The Open Adoption Roundtable is a series of occasional writing prompts about open adoption. It’s designed to showcase of the diversity of thought and experience in the open adoption community. You don’t need to be part of the Open Adoption Bloggers list to participate, or even be in a traditional open adoption. If you’re thinking about openness in adoption, you have a place at the table. The prompts are meant to be starting points–feel free to adapt or expand on them.
Publish your response during the next two weeks–linking back here so your readers can browse other participating blogs–and leave a link to your post in the comments. Using a previously published post is perfectly fine; I’d appreciate it if you’d add a link back to the roundtable. If you don’t blog, you can always leave your thoughts directly in the comments.
The prompt and response roundup for this roundtable are from the fabulous Susiebook! She writes about open adoption, pregnancy after placement, and being a first mom to her one-year old son at Endure for a Night. If you’re not reading her thoughtful, honest (and well written) blog already, I definitely recommend it.
We realize the prompt–about the things we hope never to share/never to hear in our open adoptions–might be a little awkward if you don’t blog anonymously. We hope you’ll still join in. You could write about something you thought you didn’t want to share/have shared that ended up being said, and what that experience was like. Or you could leave an answer in the comments section here. (Please use the “Name/URL” option to comment–you can leave the URL box blank–so we don’t have multiple Anonymous-es.)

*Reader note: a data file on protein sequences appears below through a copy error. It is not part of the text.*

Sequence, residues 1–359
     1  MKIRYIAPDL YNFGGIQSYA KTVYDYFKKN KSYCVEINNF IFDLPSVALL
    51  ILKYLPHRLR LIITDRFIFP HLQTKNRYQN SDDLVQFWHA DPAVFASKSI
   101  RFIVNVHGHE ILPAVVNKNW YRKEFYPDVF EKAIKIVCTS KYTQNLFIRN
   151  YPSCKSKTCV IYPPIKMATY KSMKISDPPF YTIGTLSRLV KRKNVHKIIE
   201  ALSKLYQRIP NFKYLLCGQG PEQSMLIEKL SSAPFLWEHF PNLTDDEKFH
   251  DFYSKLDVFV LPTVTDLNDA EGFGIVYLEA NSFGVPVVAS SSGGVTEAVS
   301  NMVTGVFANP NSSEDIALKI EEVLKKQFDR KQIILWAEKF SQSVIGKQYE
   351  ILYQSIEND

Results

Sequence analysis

Are there any things that you don’t want the other members of your triad to know—or that you don’t want to know about them? I’ve heard first mothers talk about not sharing their birth stories with adoptive parents because those are for the adoptees and for themselves only. I’ve also heard of adoptees concealing their reunions from adoptive parents so as not to cause them pain. What don’t you want shared in your adoptive relationships?
Dawn (adoptive mother) at This Woman’s Work: “I have no desire to define Pennie’s adoption experience, ok? I said that and I mean that. But I do desire that Pennie know that she is one rocking woman and a fabulous mother and a survivor (not a victim) of her circumstances…. I also want her to know that regardless of how she feels about her surrender of Madison and my adoption of Madison that there are still things that were wrong.”
Brandy (first mother and adopted adult) at Our Life in the Desert: “I guess, the basic answer is that I don’t talk about the bad stuff – or stuff that could be confused as bad. I find I’m not often honest about my feelings related to certain topics, like never getting pictures…”